there was nothing in the CFU constitution from preventing me from
standing).† The suspension hearing has yet to take place and I have still
not received even my leave pay which I applied for in September 2002.

I received a legal opinion on the constitution which confirmed its
fundamental flaw, which vets all power with the President's Council (rather
like the Politburo) and ultimately the President.† There is no mechanism to
allow members to call a special meeting or a referendum to talk about
changes in policy without President's Council agreeing to this.† There is
also no mechanism to allow members (rather than the Politburo) to elect the
president of their choice.

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Letter 2:

My dear Jean,

Thank you for your challenge.

I actually asked the Umzingwane Farmers' Association if I could attend
Congress on their behalf, last week. I have since been advised that the two
delegates had already been selected. They are C. De Villiers Esq. and M.
Stone Esq. I have absolute confidence that both gentlemen will act in the
interests of the Association, and agriculture, and Zimbabwe as a whole. It
would be more than arrogant of me to think otherwise, and I do not.

The real issue at stake is whether or not the mechanisms in place at
Congress will empower the likes of these two gentlemen to fully enunciate
the feelings of the FARMERS, both farming and displaced.

As to your second challenge about standing for Council - the Councillors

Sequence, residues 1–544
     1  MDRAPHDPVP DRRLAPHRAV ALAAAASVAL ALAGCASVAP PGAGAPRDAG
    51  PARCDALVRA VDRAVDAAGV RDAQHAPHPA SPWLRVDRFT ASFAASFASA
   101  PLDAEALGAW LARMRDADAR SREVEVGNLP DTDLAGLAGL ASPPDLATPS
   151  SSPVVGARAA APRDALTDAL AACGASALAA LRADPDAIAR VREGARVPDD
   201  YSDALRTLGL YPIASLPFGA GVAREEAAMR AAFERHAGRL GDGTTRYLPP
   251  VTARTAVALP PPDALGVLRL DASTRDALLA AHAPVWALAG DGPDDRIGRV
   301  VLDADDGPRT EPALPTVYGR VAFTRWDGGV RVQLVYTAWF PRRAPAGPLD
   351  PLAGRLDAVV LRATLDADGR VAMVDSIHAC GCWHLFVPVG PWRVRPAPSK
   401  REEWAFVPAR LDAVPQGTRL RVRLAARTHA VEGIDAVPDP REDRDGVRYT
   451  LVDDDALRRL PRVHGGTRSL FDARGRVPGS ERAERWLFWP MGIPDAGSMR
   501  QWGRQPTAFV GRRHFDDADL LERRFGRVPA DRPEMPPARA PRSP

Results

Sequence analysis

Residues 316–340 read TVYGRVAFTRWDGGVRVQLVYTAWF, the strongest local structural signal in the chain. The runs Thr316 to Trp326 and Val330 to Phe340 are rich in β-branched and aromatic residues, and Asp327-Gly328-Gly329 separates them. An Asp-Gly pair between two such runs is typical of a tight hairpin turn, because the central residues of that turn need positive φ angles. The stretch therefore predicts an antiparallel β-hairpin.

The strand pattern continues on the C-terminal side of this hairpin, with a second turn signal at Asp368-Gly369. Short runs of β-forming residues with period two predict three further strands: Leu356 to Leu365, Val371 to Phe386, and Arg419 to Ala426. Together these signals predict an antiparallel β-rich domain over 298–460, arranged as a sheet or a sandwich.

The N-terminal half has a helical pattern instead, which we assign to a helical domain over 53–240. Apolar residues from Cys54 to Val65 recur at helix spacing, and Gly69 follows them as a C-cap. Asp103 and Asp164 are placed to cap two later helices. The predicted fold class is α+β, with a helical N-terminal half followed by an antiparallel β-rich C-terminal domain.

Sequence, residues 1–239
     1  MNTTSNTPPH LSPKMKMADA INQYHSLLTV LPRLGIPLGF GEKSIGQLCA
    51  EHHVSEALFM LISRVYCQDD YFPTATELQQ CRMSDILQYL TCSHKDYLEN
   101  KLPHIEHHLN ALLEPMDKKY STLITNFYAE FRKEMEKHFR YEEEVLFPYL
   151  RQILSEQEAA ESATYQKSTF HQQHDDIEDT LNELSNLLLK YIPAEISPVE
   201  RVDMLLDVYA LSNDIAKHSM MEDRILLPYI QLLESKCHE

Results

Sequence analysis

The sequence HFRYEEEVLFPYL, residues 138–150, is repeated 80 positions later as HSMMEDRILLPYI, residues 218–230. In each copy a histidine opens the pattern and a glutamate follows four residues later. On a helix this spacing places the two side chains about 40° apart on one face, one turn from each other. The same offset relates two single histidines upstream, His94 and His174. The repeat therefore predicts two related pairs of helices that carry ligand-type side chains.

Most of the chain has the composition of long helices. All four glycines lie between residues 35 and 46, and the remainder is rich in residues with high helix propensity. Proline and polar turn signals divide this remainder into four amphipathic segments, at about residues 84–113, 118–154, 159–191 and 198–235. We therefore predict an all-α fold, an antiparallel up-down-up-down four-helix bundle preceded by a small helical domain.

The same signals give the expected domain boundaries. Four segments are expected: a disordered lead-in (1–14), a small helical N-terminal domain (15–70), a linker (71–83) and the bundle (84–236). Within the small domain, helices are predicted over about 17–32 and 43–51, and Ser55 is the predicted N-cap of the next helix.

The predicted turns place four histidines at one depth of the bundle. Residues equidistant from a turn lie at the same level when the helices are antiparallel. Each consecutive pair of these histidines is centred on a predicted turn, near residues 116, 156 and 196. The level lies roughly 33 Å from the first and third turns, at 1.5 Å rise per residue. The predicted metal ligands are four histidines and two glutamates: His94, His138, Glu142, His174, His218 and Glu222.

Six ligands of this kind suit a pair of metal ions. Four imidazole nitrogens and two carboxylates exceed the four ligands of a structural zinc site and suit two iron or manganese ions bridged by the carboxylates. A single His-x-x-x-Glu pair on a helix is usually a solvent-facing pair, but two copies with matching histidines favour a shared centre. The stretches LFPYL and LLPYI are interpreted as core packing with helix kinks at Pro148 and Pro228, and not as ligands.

are elected at the AGMs as far as I am aware, not at Congress.

As to your third challenge - it has never crossed my mind. On reflection I
honestly believe that Matabeleland has attempted to put forward gentlemen
of integrity over many years. Right now we have a Boilermaker, a Foundryman
and an Auto electrician on Council - all gentlemen of integrity. All three
have struggled with the surprising impossible procedure of attempting to
bring about change in Council, some of which I have referred to previously.
Over the years Matabeleland has put forward a retired Headmaster/Musician,
a Retired Policeman, an Inventor, a future Governor of Southern Rhodesia
and many other great characters. Our new Vice President is a retired sugar
merchant and caterer, and breeder of Buffalo, I believe. He actually asked
the Honourable Minister of Agriculture, at the 2001 Congress, "what is on
the menu for 2002 and 2003?" Being a good caterer he foresaw a "Problem in
our Pantry" in August 2001 - two years ago.

Again it would be arrogant of me to think they do not understand and will
not ATTEMPT to do what is best for farmers, agriculture and Zimbabwe.

Thank you for your concern.

Yours,
Willy.

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Letter 3:

Dear John

I am gently amused by the fact that Ben and Will appear not to want to take
up my challenge to stand for President of the CFU!

It reminds me of the man who constantly bitches about his wife but wont
leave her because he wont have anything to complain about!!

The debate is good for our souls.

Yours sincerely

Jean Simon

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Letter 4:

Dear Jean,

I am greatly relieved to hear that both Ben and Willy have been so gentle
with you and so amusing to boot.† I wish the situation could be taken so
lightly and I for one hope that a resolution as to the way forward not only
with regard to leadership of the Union but also policy and strategy is
arrived at out of congress.† These are very pertinent farmer issues right
now, more so than in normal times, and it is up to farmers to resolve them
at this congress.

Warm regards

John Worswick

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Letter 5:

Dear Sirs

I have to agree with Jean Simon's letter in the JAG Open Letters Forum 114
in which she states "Willie Robertson does not have the right to write a
letter on behalf of Martin Olds."